For the first time in four centuries, wild beavers in England will remain on the River Otter. Nobody knows for what reason they suddenly ended up on a river in Devon, South West England in 2013. We know now that they had a very positive effect on the ecosystem. This is the first time when this mammal, which was exterminated in England in the 17th century, was reintroduced into the environment.
The first beaver family in 400 years was spotted in the Otter River 7 years ago. At first, the local authorities recognized beavers as pests and decided to catch them, and then transfer them to one of the zoos. Protectors of nature opposed this. It turned out, however, that the appearance of beavers in the ecosystem had a very positive effect on it. The natural regulation of the river’s course made by beavers also reduced the risk of flooding and meant that the nearby houses are no longer periodically washed by the river rising under heavy rainfall.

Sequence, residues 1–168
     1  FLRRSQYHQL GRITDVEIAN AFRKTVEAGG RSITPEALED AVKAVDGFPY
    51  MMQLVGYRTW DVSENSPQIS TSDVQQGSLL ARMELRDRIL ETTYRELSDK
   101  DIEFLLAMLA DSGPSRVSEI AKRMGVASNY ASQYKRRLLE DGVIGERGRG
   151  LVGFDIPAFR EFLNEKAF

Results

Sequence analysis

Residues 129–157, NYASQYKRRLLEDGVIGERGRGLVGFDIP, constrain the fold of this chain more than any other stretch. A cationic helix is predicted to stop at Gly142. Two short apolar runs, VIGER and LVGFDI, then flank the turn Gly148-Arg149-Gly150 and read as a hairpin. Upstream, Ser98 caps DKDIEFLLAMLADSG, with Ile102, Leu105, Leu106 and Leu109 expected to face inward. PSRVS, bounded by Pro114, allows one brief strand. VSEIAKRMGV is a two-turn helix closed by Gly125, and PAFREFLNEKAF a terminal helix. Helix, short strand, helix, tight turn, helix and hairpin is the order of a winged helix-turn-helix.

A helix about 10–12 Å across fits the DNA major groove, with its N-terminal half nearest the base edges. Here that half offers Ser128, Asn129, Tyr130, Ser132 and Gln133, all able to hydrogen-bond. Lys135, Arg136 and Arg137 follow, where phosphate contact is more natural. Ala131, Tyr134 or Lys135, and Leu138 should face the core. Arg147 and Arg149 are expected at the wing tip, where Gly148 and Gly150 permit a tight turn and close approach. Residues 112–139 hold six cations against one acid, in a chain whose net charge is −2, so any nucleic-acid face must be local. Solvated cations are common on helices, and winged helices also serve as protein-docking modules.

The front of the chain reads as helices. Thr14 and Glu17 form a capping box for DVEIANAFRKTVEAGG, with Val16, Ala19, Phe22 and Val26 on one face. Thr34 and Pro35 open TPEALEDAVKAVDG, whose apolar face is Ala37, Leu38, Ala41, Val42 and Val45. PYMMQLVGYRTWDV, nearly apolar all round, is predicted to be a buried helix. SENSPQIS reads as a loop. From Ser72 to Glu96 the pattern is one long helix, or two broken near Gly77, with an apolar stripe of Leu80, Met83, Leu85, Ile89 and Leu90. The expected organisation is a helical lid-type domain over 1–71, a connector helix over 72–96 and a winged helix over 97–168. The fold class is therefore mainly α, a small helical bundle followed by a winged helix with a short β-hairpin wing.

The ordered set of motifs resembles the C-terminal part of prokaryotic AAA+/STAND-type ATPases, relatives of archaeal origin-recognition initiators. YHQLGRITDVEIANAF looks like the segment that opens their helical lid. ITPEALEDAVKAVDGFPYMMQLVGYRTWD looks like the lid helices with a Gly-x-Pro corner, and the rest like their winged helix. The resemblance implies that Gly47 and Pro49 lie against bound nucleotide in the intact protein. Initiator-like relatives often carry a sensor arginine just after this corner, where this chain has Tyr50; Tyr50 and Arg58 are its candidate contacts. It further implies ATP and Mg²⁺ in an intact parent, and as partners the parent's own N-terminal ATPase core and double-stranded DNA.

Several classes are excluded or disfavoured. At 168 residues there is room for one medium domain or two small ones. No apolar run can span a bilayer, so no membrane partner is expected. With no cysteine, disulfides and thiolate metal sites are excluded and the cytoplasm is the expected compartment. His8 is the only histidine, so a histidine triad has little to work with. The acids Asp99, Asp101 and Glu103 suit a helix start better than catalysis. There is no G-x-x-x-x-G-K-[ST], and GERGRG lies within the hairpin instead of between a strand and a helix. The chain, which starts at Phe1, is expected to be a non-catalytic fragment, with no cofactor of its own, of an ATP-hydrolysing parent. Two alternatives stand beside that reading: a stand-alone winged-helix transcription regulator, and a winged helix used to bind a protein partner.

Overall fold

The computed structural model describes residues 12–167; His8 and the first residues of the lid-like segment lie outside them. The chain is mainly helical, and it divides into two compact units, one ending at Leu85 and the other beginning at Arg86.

It was decided that the beavers in the Otter River would remain and also be protected so that they could continue to reproduce and increase in numbers. It is said to be the government’s most groundbreaking decision for English wildlife in generations.